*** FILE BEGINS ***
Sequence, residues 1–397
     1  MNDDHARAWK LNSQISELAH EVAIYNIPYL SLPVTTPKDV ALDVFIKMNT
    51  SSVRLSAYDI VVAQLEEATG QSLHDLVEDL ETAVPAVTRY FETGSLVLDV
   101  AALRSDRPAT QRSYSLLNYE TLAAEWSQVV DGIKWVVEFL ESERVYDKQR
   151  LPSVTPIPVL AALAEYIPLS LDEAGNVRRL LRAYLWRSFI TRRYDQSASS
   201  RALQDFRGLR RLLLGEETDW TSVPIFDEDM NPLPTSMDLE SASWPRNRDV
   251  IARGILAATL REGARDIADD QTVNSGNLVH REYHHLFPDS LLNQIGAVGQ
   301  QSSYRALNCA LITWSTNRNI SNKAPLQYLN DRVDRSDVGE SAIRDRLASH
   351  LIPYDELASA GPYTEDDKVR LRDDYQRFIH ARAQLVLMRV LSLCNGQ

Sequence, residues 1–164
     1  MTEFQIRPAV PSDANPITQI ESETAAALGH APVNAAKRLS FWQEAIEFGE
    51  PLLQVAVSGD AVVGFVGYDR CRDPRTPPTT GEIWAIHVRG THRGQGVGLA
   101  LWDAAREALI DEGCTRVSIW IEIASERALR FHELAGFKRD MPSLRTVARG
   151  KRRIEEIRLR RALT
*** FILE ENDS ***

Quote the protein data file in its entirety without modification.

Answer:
Sequence, residues 1–397
     1  MNDDHARAWK LNSQISELAH EVAIYNIPYL SLPVTTPKDV ALDVFIKMNT
    51  SSVRLSAYDI VVAQLEEATG QSLHDLVEDL ETAVPAVTRY FETGSLVLDV
   101  AALRSDRPAT QRSYSLLNYE TLAAEWSQVV DGIKWVVEFL ESERVYDKQR
   151  LPSVTPIPVL AALAEYIPLS LDEAGNVRRL LRAYLWRSFI TRRYDQSASS
   201  RALQDFRGLR RLLLGEETDW TSVPIFDEDM NPLPTSMDLE SASWPRNRDV
   251  IARGILAATL REGARDIADD QTVNSGNLVH REYHHLFPDS LLNQIGAVGQ
   301  QSSYRALNCA LITWSTNRNI SNKAPLQYLN DRVDRSDVGE SAIRDRLASH
   351  LIPYDELASA GPYTEDDKVR LRDDYQRFIH ARAQLVLMRV LSLCNGQ

Sequence, residues 1–164
     1  MTEFQIRPAV PSDANPITQI ESETAAALGH APVNAAKRLS FWQEAIEFGE
    51  PLLQVAVSGD AVVGFVGYDR CRDPRTPPTT GEIWAIHVRG THRGQGVGLA
   101  LWDAAREALI DEGCTRVSIW IEIASERALR FHELAGFKRD MPSLRTVARG
   151  KRRIEEIRLR RALT